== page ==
This is the VOA Special English
Anesthesia is used during
operations and other medical procedures to block pain signals from traveling
through the nervous system. The kind of
anesthesia that patients receive depends on their condition and the kind of
procedure they need.
anesthesia is used to make a small area of the body lose feeling. Usually, local anesthesia is for minor
procedures, like fixing a tooth or closing a wound. The person remains fully awake.
anesthesia is used to block pain in a large area of the body. For example, when a woman is giving birth,
she might request an epidural anesthesia.
It is injected into the fluid in the spine. It acts on the lower half of the body.
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General anesthesia makes a
person fall asleep. This is known as
being "put under." The drugs
are injected into the blood or breathed as gas.
General anesthesia also blocks memory.
are not supposed to remember an operation when they wake up. In rare cases, they do. The Mayo Clinic says patients may have a
sense of their surroundings during about one-fifth of one percent of all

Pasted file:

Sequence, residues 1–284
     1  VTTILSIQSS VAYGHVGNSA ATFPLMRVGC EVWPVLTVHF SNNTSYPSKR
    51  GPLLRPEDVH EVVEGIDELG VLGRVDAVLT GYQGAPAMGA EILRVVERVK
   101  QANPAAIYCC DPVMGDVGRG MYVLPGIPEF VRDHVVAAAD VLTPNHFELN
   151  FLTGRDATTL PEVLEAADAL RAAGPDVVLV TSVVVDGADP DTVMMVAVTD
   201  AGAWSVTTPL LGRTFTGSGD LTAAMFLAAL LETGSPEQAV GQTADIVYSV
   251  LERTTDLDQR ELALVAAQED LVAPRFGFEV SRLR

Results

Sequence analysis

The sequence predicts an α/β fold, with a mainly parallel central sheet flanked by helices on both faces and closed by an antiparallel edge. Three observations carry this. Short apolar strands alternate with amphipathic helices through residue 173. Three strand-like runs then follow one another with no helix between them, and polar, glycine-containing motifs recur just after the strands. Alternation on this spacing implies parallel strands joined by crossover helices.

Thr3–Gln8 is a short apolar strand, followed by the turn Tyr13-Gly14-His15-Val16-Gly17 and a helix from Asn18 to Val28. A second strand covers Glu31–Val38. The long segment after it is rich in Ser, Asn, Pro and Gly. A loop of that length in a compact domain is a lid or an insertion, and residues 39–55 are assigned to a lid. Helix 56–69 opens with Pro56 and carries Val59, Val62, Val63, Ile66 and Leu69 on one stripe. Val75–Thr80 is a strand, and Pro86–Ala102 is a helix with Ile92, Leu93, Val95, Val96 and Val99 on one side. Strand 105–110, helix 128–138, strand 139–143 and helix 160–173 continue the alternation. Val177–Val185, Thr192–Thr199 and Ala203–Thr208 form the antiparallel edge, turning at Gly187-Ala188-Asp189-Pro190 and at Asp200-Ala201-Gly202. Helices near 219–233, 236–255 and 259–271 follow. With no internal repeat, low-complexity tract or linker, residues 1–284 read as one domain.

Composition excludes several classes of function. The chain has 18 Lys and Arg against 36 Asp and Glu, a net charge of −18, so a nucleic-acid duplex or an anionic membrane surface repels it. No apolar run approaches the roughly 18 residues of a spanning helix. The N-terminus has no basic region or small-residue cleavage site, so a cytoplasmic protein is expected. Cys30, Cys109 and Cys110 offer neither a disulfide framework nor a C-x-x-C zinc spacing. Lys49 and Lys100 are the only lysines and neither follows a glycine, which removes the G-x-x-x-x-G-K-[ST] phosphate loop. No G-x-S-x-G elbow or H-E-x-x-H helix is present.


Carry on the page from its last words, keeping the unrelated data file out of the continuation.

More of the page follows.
operations. It says they generally do
not feel pain, but may wish to talk to a mental health provider if the memories
An anesthesiologist is a doctor
specially trained to give anesthesia.
During an operation, the anesthesiologist will observe the patient's
heart rate, blood pressure and amount of oxygen in the blood. A breathing tube may be put into the person's
windpipe. The tube is connected to a
are, of course, risks to anesthesia.
People can have different reactions to the drugs. Mistakes can happen. But medical experts say the safety of anesthesia
has greatly improved.
Mayo Clinic says not too long ago, one in ten thousand cases resulted in
death. Now, it says, the number is one
in two hundred fifty thousand.
experts say everyone's experience with anesthesia is different. To reduce the risks, the Mayo Clinic says
open communication is important among the patient and the doctors before an
can expect questions like: What is your current health? What medications do you take? Do you smoke or drink alcohol? Do you know if you have any allergies to
foods or medicines? And what experiences
have you had in the past with anesthesia?
that's the VOA Special English Health Report, written by Jill Moss. Our reports are online at
voaspecialenglish.com. I'm Bob Doughty.